SentinelOne believes North Korea was responsible for the hack because the cyber spies reused previously known malware and malicious infrastructure put up to carry out earlier assaults.
In 2019, Russian President Vladimir Putin described NPO Mash’s “Zircon” hypersonic missile as a “promising new product” capable of moving at around nine times the speed of sound.
The fact that North Korean hackers received information about the Zircon does not mean they would immediately have that capability, according to Markus Schiller, a missile analyst based in Europe who has investigated foreign aid to North Korea’s missile programme.
“That’s movie stuff,” he pointed out. “Getting plans won’t help you much when it comes to building these things; there’s a lot more to it than some drawings.”
However, considering NPO Mash’s status as a leading Russian missile inventor and manufacturer, the business would be a valuable target, according to Schiller.
“There is much to learn from them,” he remarked.
According to analysts, another area of interest could be in NPO Mash’s fuel producing process. North Korea tested the Hwasong-18, its first ICBM to employ solid propellants, last month.
Because it does not require fueling on a launchpad, this fueling method allows for speedier deployment of missiles during combat, making the missiles more difficult to track and destroy before blast-off.
NPO Mash manufactures the SS-19, an ICBM that is fuelled in the factory and sealed shut, a procedure known as “ampulisation” that produces a comparable strategic result.
“It’s difficult because rocket propellant, particularly the oxidizer, is extremely corrosive,” said Jeffrey Lewis, a missile expert at the James Martin Centre for Nonproliferation Studies.
“North Korea announced in late 2021 that it would do the same thing.” “If NPO Mash had one thing useful for them, that would be at the top of my list,” he continued.
James Pearson in London and Christopher Bing in Washington contributed reporting, and Chris Sanders and Alistair Bell edited the piece.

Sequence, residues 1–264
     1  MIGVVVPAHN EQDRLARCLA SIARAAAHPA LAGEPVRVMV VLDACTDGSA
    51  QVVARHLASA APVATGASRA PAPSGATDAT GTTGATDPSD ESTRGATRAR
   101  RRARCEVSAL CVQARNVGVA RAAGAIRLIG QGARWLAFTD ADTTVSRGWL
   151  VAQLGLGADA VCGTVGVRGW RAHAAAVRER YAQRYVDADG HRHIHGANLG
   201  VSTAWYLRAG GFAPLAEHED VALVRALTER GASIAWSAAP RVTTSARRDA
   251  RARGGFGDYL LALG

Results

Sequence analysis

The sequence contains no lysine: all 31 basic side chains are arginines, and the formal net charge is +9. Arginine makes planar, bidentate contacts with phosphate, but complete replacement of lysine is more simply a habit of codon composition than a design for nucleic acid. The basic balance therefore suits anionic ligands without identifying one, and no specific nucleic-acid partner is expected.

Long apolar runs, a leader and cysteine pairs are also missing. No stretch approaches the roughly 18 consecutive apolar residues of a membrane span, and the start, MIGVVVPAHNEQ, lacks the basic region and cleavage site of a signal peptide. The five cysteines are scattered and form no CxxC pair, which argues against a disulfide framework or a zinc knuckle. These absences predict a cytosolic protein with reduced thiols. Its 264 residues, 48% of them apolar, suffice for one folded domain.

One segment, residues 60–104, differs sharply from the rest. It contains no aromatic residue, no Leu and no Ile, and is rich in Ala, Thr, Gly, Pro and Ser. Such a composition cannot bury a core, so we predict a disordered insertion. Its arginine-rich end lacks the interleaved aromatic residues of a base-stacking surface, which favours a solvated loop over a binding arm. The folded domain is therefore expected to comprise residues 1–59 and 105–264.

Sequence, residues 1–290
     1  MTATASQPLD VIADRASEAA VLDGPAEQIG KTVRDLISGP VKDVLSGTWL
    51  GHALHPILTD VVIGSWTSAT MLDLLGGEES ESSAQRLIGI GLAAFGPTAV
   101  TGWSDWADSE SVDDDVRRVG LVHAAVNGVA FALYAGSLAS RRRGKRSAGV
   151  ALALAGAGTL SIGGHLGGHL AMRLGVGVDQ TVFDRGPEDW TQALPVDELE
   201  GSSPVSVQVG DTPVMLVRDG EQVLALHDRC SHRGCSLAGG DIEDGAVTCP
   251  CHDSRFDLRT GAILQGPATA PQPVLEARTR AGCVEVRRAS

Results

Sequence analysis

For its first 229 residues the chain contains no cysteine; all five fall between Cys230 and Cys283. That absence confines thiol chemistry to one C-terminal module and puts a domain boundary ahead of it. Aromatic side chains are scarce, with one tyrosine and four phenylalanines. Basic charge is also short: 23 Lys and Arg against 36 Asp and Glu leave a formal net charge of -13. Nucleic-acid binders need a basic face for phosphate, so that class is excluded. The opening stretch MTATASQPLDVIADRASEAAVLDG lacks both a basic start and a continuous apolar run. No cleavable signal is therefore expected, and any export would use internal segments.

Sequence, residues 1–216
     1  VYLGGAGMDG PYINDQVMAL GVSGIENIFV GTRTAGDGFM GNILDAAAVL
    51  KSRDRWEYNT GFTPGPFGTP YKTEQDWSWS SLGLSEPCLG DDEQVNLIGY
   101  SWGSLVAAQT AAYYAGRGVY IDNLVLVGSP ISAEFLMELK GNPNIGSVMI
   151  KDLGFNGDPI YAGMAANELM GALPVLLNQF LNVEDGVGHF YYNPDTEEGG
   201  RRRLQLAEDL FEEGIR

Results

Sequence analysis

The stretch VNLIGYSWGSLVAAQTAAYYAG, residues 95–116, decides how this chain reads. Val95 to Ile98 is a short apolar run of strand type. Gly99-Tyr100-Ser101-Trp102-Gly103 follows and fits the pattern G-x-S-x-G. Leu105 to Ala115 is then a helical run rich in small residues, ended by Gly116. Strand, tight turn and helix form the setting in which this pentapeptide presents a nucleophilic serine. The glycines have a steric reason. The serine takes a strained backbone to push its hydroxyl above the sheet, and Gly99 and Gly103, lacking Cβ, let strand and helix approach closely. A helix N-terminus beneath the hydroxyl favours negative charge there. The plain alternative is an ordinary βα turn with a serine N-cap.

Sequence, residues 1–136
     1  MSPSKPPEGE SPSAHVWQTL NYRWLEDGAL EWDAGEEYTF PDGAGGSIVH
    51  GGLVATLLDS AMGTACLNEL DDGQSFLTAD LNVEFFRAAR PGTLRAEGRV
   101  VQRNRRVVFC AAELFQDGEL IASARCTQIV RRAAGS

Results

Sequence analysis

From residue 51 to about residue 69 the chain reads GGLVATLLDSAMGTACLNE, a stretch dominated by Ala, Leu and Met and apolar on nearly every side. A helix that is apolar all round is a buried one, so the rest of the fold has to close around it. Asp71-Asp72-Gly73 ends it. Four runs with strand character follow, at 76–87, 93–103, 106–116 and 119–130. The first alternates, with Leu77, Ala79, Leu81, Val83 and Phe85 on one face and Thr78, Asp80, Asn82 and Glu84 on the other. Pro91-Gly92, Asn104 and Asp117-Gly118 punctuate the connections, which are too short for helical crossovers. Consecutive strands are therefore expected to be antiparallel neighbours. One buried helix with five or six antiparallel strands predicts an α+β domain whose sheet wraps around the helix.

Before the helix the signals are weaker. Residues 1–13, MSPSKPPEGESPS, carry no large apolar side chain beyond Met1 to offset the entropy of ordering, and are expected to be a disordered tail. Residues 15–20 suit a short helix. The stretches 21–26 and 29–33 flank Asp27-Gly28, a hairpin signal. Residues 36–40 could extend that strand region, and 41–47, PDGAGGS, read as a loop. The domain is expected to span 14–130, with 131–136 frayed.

North Korean hackers have been accused of operating a sophisticated cyber warfare unit known as “Bureau 121” or “Unit 180,” which is responsible for conducting cyber attacks.
Some of the notable cyber activities attributed to North Korean hackers include:
Cyber Espionage: North Korean hackers have been involved in stealing sensitive information from government agencies, businesses, and organizations worldwide. They often target South Korean and Western governments, military, and defense industries.
Financial Cybercrime: North Korean hackers have been associated with numerous cyber attacks aimed at financial institutions, cryptocurrency exchanges, and individuals to steal money. One of their most infamous attacks was the 2016 Bangladesh Bank heist, where hackers stole over $81 million from the bank’s account at the Federal Reserve Bank of New York.
DDoS Attacks: North Korean hackers have been involved in Distributed Denial of Service (DDoS) attacks against various targets, disrupting their online services and causing downtime.
Cyber Propaganda: North Korea uses cyber capabilities to spread propaganda, deface websites, and promote the regime’s ideology.
It is important to note that the situation may have evolved since my last update. Governments and organizations worldwide are continuously working to defend against cyber threats from North Korea and other state-sponsored hacking groups. Cybersecurity measures and strategies are being constantly improved to protect sensitive information and critical infrastructure from such attacks.